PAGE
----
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Discussion Starter · #1 · (Edited)
I am working on reducing drag on my mid engine s10 pile by curving the backside in a effort to pull air around the cab.

There are also areas that will have air flowing under the lower front of the cab between the frame and rear tire (around the exhaust acting as a heatshield/aero tube) and straight out the back.
Now this thing is not at all designed to be stream lined. It is designed for easy maintance, cheap replacement cost, 55% rear weight ratio, and a respectable power to weight ratio.

That being said I have built in a good amount of drag in this back end.
Vehicle Car Automotive lighting Automotive tire Hood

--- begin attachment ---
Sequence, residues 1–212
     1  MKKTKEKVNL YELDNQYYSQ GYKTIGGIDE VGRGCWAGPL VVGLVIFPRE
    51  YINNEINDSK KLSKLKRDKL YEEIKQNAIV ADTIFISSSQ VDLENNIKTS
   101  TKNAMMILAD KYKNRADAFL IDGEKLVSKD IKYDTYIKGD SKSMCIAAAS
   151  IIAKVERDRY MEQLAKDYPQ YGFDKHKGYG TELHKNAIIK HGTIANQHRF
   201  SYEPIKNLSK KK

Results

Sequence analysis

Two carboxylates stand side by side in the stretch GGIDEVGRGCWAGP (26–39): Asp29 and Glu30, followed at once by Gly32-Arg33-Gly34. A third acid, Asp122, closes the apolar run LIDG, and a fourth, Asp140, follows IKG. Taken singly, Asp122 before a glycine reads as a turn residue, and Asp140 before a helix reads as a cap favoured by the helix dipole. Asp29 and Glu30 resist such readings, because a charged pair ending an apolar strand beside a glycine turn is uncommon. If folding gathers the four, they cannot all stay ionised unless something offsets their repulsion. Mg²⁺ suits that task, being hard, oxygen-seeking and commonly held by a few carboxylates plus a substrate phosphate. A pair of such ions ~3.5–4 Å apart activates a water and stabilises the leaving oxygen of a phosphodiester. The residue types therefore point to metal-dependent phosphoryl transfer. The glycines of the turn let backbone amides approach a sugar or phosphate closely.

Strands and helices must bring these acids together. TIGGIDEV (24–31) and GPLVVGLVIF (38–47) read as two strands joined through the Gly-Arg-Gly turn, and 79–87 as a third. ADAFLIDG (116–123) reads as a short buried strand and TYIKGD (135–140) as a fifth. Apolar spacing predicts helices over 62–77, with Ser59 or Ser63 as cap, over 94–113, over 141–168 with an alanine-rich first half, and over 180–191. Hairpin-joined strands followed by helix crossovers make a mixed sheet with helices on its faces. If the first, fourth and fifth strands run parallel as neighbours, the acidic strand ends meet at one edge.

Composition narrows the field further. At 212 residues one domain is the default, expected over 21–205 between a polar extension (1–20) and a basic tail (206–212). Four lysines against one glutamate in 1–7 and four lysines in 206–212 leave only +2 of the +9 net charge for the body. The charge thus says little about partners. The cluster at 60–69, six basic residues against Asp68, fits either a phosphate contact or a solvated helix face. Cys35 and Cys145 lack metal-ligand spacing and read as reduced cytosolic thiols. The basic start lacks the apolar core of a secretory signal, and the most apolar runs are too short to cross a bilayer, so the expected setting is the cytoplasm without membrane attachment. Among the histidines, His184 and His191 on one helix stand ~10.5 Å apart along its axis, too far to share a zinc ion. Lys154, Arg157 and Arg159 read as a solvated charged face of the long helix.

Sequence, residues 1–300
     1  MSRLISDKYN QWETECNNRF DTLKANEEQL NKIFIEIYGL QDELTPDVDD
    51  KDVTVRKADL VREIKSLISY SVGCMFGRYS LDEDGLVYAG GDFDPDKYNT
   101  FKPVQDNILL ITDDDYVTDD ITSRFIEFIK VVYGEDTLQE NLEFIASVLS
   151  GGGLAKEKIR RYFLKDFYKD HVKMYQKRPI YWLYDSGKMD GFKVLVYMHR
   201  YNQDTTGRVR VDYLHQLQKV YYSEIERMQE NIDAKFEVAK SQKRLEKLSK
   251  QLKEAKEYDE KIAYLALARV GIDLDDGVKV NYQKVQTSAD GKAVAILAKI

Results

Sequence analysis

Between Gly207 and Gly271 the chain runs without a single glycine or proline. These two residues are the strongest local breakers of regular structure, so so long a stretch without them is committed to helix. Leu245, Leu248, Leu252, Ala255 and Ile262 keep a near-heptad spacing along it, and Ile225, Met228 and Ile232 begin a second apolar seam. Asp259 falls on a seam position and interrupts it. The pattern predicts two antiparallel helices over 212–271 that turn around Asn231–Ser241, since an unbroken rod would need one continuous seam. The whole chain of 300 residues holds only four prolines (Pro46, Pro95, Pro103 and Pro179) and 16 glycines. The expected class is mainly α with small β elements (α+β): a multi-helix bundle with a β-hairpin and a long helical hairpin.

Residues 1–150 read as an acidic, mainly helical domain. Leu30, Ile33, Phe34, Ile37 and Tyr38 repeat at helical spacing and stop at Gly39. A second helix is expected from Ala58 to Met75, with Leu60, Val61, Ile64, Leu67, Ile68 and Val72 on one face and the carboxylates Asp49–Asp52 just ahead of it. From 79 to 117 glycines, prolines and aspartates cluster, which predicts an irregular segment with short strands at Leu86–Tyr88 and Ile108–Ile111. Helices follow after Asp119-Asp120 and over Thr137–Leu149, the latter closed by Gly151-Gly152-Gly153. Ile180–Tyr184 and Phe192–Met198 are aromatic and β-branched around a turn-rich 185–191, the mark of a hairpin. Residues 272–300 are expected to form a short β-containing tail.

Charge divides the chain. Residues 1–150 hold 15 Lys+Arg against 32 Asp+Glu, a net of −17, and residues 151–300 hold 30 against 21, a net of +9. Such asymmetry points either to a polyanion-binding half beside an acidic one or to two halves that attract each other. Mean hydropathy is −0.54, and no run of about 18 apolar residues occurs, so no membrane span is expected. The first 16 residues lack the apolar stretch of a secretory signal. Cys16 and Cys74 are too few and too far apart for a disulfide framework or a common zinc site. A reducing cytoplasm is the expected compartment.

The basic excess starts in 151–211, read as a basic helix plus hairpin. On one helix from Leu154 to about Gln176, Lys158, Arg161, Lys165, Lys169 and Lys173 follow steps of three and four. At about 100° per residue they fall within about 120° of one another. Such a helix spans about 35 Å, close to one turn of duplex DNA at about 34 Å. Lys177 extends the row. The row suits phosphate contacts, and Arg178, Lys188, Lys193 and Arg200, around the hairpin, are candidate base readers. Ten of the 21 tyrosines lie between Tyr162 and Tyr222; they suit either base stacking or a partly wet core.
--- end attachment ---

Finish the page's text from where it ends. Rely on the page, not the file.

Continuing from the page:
One of my napkin drawings from years ago had a tunnel going right through the cab between the seats and out the back.

Looking at this I can make that happen fairly easily. I could have the hood taper and feed into a opening here(cardboard)
Tire Wheel Hood Vehicle Automotive tire

Motor vehicle Hood Bumper Vehicle Automotive exterior

That would feed into a (removable 2 piece) duct that would end where the angle is touching under the bracing spot welds)
Wood Floor Gas Metal Composite material

Then feed right out the back(center panel below tack weld line) punching a hole in the rear wake
Vehicle Car Automotive lighting Automotive tire Hood


Because we are talking feeding into open air in a area that will have a low pressure area. If I just make a venturi tunnel where a section directly tapers down lets say 30% in the exact center of the tunnel then at the rear of that venturi I could actually create a suction and increase drag.